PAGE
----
But despite being the least common of the studied comorbidities, heart failure was by far the most deadly, roughly tripling the 5-year mortality rate, compared with T2D patients with no comorbidities, regardless of exactly when it first appeared during the first 5 years after the initial T2D diagnosis. The next most deadly comorbidities were stroke and PAD, which each roughly doubled mortality, compared with the patients who remained free of any studied comorbidity. CKD boosted mortality by 70%-110%, depending on exactly when it appeared during the first 5 years of follow-up, and IHD, while the most frequent comorbidity was also the most benign, increasing mortality by about 30%.
The most deadly combinations of two comorbidities were when heart failure appeared with either CKD or with PAD; each of these combinations boosted mortality by 300%-400% when it occurred during the first few years after a T2D diagnosis.
The findings came from “a very big and unselected patient group of patients, making our results highly generalizable in terms of assessing the prognostic consequences of heart failure,” Dr. Zareini stressed.
The dangerous combination of T2D and heart failure has been documented for several years, and prompted a focused statement in 2019 about best practices for managing these patients (). “Heart failure has been known for some time to predict poorer outcomes in patients with T2D. Not much surprising” in the new findings reported by Dr. Zareini and associates, commented , a cardiovascular endocrinologist at the University of Colorado at Denver, Aurora. Heart failure “rarely acts alone, but in combination with other forms of heart or renal disease,” he noted in an interview.
Earlier studies may have “overlooked” heart failure’s importance compared with other comorbidities because they often “only investigated one cardiovascular disease in patients with T2D,” Dr. Zareini noted. In recent years the importance of heart failure occurring in patients with T2D also gained heightened significance because of the growing role of the sodium-glucose cotransporter 2 (SGLT2) inhibitor drug class in treating patients with T2D and the documented ability of these drugs to significantly reduce hospitalizations for heart failure (). Dr. Zareini and associates put it this way in their report: “Heart failure has in recent years been recognized as an important clinical endpoint ... in patients with T2D, in particular, after the results from randomized, controlled trials of SGLT2 inhibitors showed benefit on cardiovascular death and heart failure hospitalizations.”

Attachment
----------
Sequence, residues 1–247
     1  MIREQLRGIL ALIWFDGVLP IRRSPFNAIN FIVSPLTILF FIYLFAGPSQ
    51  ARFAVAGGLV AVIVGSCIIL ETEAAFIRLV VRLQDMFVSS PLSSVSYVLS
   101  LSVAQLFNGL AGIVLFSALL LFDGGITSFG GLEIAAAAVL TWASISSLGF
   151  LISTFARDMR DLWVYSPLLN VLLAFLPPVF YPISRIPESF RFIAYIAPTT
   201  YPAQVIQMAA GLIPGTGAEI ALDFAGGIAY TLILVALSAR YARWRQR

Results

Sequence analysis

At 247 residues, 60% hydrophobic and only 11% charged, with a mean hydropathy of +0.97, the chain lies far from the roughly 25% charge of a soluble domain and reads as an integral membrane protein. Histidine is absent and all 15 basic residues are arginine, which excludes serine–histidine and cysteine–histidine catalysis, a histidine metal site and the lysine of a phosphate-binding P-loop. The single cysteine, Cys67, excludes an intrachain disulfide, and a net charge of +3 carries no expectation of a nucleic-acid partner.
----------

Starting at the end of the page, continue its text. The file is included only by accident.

Despite this, the new findings “do not address treatment with SGLT2 inhibitors in patients with T2D, nor can we use our data to address which patients should not be treated,” with this drug class, which instead should rely on “current evidence and expert consensus,” she said.
“Guidelines favor SGLT2 inhibitors or [glucagonlike peptide–1] receptor agonists in patients with a history of or high risk for major adverse coronary events,” and SGLT2 inhibitors are also “preferable in patients with renal disease,” Dr. Eckel noted.
Other avenues also exist for minimizing the onset of heart failure and other cardiovascular diseases in patients with T2D, Dr. Zareini said, citing modifiable risks that lead to heart failure that include hypertension, “diabetic cardiomyopathy,” and ISD. “Clinicians must treat all modifiable risk factors in patients with T2D in order to improve prognosis and limit development of cardiovascular and renal disease.”
The study received no commercial funding. Dr. Zareini and Dr. Eckel had no disclosures.
SOURCE: Zareini B et al. Circ Cardiovasc Qual Outcomes. 2020 Jun 23. .